Thursday, December 4, 2014
Pause and consider these words, my friend:
I espoused the cause of the strikers;
And helped the defense of the rebel hearts,
Who losing, revenged themselves with bombs.
And I found myself, who was once esteemed,
And rich in money, suspected and shunned,
And fought at the bank, and broken at last,
And hounded to sickness and death at last,
All for the luring wings of a faith
In justice for men enslaved and robbed.
But what is a single soul befooled,
Compared to a nation out of its mind,
And led to a war with shouts for God,
To find it was only the Devil’s mask?
A nation that for years or centuries,
Faithless, bewildered, in self-contempt
Must clear the wires of broken hopes,
And the ruined fields of liberty,
Till the Devil fools the nation again!
Thus the epitaph of Robert Owens, labelled a labor agitator, in Edgar Lee Masters’ “New Spoon River,” in which we hear stories of injustice both against ethnic minorities and against the poor, many done in the name of government, of Law and Order, and some in the name of God.
Then I read the news and think, well, we really haven’t advanced much socially as a nation since the end of World War I, have we?
And this is more than plus ca change, plus c’est la meme chose; it’s more than this is the world we live in. It’s the Terrestrial World, marching towards the Telestial. And we are, to some degree, all marching along that road.
What’s going to stop the march?
We’ve got to stop being fooled by the devil. And I mean that literally. We are a nation of Christians and Jews and Muslims and atheists and what have you. We’re all being fooled, just as Robert Owens saw:
Yea, and he leadeth [everyone, prideful, stumbling believers and non-believers] by the neck with a flaxen cord, until he bindeth them with his strong cords forever (2 Nephi 26:22)
And others will he pacify, and lull [even the goody-two-shoes] away into carnal security, that they will say: All is well in Zion; yea, Zion prospereth, all is well – and thus the devil cheateth their souls, and leadeth them away carefully down to hell. And behold, others he flattereth away, and telleth them there is no hell; and he saith unto them: I am no devil, for there is none – and thus he whispereth in their ears, until he grasps them with his awful chains, from whence there is no deliverance. (2 Nephi 28:21-22)
That fooling and lulling and cheating takes many forms, from ignoring the plight of minimum-wage workers to hiding behind law and order when injustice is evident in the deaths of Michael Brown and Eric Garner.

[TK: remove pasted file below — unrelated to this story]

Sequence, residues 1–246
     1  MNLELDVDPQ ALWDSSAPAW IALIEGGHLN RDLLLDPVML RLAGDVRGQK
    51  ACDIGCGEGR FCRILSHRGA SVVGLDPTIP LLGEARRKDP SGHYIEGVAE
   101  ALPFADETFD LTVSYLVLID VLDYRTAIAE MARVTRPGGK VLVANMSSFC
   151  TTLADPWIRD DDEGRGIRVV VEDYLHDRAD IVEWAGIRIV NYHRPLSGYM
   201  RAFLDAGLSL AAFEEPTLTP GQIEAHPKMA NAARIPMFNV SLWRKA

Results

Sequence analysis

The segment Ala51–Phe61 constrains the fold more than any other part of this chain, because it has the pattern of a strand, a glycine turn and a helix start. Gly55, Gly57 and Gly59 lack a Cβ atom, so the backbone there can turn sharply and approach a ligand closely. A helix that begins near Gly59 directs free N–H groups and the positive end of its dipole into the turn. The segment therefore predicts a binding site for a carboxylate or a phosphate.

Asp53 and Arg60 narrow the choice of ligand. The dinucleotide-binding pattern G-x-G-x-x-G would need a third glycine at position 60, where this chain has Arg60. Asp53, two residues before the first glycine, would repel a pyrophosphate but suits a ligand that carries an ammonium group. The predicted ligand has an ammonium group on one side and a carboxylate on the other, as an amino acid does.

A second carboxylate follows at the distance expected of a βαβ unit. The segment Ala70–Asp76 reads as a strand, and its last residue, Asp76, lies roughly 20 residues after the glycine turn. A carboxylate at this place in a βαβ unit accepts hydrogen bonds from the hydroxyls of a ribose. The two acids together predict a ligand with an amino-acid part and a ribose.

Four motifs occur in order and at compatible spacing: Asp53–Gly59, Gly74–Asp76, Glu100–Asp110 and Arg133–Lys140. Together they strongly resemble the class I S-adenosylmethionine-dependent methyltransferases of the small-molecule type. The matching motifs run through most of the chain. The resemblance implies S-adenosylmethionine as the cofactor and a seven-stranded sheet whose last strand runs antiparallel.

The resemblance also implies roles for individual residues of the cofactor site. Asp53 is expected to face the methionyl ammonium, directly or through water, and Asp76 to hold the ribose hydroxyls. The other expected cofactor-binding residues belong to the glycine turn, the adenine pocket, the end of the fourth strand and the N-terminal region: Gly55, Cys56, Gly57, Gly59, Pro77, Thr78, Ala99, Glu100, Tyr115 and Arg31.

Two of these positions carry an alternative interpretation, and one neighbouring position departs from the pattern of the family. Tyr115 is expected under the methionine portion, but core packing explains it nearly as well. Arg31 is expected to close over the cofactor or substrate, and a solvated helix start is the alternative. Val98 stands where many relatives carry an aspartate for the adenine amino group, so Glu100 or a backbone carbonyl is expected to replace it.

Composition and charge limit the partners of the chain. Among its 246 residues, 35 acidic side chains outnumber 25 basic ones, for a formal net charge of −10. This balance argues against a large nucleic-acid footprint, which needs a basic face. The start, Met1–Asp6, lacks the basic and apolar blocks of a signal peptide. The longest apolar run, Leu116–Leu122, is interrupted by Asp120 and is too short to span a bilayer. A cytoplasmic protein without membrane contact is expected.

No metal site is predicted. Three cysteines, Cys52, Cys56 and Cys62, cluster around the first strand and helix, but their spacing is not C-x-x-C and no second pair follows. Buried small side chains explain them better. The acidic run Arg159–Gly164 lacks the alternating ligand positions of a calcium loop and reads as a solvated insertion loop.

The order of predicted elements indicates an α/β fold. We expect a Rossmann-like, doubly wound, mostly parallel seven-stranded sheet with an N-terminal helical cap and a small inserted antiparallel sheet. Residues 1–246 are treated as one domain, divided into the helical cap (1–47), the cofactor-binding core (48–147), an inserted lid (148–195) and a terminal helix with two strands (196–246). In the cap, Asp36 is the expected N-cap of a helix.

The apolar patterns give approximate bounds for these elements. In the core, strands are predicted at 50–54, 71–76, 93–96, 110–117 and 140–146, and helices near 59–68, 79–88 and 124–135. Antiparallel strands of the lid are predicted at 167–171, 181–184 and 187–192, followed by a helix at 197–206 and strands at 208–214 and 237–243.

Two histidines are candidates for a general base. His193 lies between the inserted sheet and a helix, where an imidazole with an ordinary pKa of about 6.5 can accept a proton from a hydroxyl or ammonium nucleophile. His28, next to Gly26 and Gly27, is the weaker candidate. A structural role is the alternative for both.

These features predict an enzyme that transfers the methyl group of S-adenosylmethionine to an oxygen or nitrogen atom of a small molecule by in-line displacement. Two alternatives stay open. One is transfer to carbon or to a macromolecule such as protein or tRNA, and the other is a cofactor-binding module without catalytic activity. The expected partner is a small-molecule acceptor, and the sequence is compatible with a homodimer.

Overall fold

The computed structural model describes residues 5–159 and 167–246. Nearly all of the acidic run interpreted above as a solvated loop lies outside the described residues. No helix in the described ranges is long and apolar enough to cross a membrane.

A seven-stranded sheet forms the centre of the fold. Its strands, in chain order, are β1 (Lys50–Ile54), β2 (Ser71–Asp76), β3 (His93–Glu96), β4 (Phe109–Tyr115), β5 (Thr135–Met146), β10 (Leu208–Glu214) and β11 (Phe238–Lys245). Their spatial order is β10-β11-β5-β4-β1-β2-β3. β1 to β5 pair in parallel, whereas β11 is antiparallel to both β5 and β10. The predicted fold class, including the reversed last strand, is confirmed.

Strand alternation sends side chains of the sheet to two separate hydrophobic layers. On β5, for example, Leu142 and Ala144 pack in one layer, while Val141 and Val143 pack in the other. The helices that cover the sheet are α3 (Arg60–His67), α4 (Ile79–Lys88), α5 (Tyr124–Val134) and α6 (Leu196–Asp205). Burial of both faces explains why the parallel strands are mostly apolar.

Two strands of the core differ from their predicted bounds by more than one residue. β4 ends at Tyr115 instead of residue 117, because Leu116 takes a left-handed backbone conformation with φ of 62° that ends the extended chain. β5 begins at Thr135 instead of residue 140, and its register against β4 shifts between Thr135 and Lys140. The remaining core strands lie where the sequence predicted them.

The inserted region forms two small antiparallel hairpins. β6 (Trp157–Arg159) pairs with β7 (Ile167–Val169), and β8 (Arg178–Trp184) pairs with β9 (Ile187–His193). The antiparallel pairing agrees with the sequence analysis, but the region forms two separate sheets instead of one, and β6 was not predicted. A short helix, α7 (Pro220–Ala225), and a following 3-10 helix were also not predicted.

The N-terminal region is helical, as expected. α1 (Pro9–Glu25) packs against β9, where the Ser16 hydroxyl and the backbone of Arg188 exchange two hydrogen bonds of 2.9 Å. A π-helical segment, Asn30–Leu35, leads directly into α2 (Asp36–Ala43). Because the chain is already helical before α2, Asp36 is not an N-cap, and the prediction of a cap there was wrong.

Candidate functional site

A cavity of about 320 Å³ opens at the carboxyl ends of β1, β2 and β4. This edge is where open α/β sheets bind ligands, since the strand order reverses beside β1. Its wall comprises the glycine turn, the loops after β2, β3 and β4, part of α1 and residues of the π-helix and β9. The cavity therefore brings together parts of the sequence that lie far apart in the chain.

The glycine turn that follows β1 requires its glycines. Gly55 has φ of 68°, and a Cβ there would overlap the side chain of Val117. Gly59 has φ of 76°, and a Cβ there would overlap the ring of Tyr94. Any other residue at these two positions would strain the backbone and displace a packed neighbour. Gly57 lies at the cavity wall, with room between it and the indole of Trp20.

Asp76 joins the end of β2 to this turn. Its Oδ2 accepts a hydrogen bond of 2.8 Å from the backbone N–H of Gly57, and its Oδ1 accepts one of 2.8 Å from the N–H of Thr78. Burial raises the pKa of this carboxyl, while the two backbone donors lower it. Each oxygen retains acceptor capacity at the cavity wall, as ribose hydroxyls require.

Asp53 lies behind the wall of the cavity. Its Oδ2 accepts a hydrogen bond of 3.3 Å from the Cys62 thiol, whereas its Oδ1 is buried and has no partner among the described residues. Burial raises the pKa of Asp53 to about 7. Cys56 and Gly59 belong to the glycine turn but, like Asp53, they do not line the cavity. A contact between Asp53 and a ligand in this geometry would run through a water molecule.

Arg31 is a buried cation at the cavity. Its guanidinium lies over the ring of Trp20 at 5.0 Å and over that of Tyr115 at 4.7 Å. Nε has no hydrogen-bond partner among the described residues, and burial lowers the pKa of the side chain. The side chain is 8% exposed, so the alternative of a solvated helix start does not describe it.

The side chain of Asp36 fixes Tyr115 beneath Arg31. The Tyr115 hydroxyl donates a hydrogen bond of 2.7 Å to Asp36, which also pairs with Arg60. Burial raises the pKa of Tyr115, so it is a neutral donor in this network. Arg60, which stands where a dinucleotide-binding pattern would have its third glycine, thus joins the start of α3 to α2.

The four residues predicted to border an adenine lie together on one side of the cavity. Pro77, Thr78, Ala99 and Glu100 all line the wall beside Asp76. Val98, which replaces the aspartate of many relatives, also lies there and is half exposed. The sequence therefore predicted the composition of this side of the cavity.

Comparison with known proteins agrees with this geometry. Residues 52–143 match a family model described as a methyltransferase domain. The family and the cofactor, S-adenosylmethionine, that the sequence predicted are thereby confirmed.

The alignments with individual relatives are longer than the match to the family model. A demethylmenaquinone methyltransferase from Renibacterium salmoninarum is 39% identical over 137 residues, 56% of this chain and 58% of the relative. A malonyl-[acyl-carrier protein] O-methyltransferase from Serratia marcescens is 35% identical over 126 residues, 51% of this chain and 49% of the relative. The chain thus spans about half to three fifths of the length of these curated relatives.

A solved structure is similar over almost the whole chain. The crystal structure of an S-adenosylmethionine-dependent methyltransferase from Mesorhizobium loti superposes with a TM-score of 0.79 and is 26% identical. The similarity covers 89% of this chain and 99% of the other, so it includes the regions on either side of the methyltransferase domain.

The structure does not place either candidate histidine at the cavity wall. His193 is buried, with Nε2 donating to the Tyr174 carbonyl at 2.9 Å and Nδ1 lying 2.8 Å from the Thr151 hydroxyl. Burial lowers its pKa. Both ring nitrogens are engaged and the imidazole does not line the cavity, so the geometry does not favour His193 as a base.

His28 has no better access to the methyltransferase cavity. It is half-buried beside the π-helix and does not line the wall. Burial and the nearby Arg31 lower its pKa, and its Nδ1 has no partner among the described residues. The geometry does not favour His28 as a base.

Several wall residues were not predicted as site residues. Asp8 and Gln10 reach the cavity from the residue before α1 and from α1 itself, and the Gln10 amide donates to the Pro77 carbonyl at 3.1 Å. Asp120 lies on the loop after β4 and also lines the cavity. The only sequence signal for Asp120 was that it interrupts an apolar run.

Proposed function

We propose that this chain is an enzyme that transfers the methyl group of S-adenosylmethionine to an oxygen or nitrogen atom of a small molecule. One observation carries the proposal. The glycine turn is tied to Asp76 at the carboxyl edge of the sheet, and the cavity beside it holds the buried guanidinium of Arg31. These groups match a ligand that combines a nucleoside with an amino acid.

The fooling and lulling and cheating is in our argument that what misery comes to those who work for the minimum wage or who have black skin is their own doing; they could get an education and a better job, they could distance themselves from the “thug life” or whatever. Well:
Perhaps thou shalt say: The man has brought upon himself his misery; therefore I will stay my hand, and will not give unto him of my food, nor impart unto him of my substance that he may not suffer, for his punishments are just – But I say unto you, O man, whosoever doeth this the same hath great cause to repent; and except he repenteth of that which he hath done he perisheth forever, and hath no interest in the kingdom of God. For behold, are we not all beggars? (Mosiah 4:17-19)
This has got to sound familiar:
I’m as guilty as the next man. I’m just as prone to dismissing the suffering of others as their own problem – or their own fault. But I’m trying to change.
So back to that title: Facebook, Meet Spoon River.
We’re writing on our tombstones, folks. What will they say? What will we look back on, with regret or gratitude, when we have passed on and ponder our legacy as strangers mill past our graves, seeking a loved one, seeking whatever? Ours will not be a legacy writ large, for the vast mostpart. Just like the residents of Masters’ Spoon River, our lives will be filled with the small details and events and triumphs and regrets that tell whether we practiced what we preached, or if we are just whited sepulchers.